Posted by: gcarkner | March 11, 2013

Freedom & Identity

Sociologist Robert Bellah in his landmark book, Habits of the Heart, exposes the myth of radical freedom. Bellah’s team of researchers interviewed hundreds of Americans in various careers on the topic; the results revealed a struggle with a number of contradictions consequent to the philosophy of radical individualism. These contradictions were both emotional and cognitive. It seems that there is something deeply problematic with radical individualism. Bellah writes:

It is a powerful cultural fiction that we not only can, but must make up our deepest beliefs in the isolation of our private selves … There are truths we do not see when we adopt the language of radical individualism…. The major problem in individualism is its disregard for the social dimension of life, and the importance of that dimension in shaping the self. According to German sociologist Emile Durkheim the group (i.e. social solidarity) is a prerequisite for the identity of the individual. George Herbert Mead, another turn of the century sociologist, notes that meaning is a relational or interpersonal matter, not a mere individual phenomenon. The self is socially produced. (R. Bellah, Habits of the Heart. 1985, pp. 65, 85 & 123)

One can often imagine that the best growth occurs on one’s own, even during one’s greatest rebellion, but in fact one can only grow as a person while in direct and significant relationships, complementary partnerships with others. A person finds one’s true and soulful being in mutual love and communion. Some intellectuals believe that love is more basic to our identity than reason, although not against reason. One can attempt to be an individual alone but will fail to become a person on one’s own.

Redeemed concepts of freedom by definition takes on a distinctively communal character; it is contextualized within a conversation, within relationships between fellow interlocutors, against the backdrop of larger narrative that makes sense of self. This is the deep structure of self. Individual freedom gives up individual sovereignty ground to community and makes space for the Other, in order to avoid some of the pitfalls and deficits of radical autonomy.

As one gains a stronger identity as a social being, one reaps the benefits. The move is towards a deeper, more complex, communal character of self, a thick self. Foucault articulates freedom as flight from one’s neighbour; the aesthetic self is part fugitive, part manipulator; its context is reduced to a life of contest with the Other (agonisme), manipulating power relations and truth games to one’s own advantage–survival tone.

There is a certain validity to these concerns, but from the perspective of Charles Taylor’s comments (and those of other key thinkers), they lack vision for relationships that are other than a manipulative contest of wills, that is, relations informed by love, compassion and cooperation–synergy. Prominent social thinker Jurgen Habermas, in response to Foucault’s ethics as aesthetics argues that the preoccupation with the autonomy or self-mastery is simply a moment in the process of social interaction, which has been artificially isolated or privileged:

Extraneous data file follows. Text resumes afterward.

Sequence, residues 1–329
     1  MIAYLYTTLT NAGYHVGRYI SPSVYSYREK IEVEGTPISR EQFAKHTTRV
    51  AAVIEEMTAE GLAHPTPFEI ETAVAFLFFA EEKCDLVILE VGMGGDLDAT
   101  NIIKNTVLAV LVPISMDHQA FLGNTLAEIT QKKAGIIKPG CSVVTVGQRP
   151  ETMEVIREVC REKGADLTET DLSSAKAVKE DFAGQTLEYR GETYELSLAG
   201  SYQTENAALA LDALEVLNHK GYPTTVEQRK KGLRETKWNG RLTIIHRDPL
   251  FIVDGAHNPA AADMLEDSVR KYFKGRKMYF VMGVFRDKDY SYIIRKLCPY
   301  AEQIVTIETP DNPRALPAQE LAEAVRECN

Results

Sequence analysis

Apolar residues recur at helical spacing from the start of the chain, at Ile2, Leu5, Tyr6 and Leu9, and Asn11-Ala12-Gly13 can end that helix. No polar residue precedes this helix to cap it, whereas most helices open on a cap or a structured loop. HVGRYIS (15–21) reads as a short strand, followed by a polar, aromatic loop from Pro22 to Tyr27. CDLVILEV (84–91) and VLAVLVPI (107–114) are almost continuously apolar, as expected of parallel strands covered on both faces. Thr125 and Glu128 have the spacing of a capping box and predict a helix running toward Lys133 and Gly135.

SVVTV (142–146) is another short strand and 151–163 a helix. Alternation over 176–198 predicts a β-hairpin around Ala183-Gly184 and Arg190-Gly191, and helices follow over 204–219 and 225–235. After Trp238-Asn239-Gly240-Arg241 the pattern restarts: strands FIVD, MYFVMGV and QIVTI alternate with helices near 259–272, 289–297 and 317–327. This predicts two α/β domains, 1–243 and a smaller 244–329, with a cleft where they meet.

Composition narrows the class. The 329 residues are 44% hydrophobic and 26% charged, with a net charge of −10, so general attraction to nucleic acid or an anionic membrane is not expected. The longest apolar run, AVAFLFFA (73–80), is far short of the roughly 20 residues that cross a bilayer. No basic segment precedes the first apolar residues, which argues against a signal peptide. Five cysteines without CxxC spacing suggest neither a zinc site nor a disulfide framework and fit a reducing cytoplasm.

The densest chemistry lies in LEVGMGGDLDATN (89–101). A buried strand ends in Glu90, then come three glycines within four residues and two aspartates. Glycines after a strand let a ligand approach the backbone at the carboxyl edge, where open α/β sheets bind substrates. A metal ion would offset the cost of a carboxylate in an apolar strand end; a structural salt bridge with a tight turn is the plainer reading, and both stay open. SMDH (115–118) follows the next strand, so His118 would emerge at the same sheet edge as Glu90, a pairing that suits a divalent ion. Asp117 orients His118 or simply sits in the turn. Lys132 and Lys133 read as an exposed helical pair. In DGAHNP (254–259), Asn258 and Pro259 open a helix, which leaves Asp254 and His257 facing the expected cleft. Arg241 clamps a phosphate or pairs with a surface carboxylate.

Both cognitive-instrumental mastery of an objective nature (and society) and a narcissistically overinflated autonomy (in the sense of purposively rational self-assertion) are derivative moments that have been rendered independent from the communicative structures of the lifeworld, that is, from the intersubjectivity of relationships of mutual understanding and relationships of reciprocal recognition. (J. Habermas, 1987, p. 315)

In the light of this critical investigation, it is suggested that there is a need to rethink individuality, freedom and identity in terms of a reconciliation between self and the Other, self and society, to put it metaphorically, in terms of self and one’s neighbour. This is strongly affirmed by the profound humanist and intellectual Jean Vanier who has helped heal many a lost and broken soul in his L’Arche Communities as revealed in his #1 National Bestseller Becoming Human.

The direction we are proposing of reformulation is the recovery of a social horizon, including a stronger concept of the social body, and the common good; one needs the courage and determination to face the neighbour as an inherent good. A radical pursuit of private self-interest (which can be quite narcissistic), to the exclusion of the presence and the needs of the Other, is rendered untenable and dysfunctional amidst this critical dialogue.

~Gord Carkner PhD

See also: Article on Narcissism by Dr. Stuart McAllister Watch for Gordon Carkner’s new work Escape from Nihilism: rediscovering our place in late modernity. Narcissus 12

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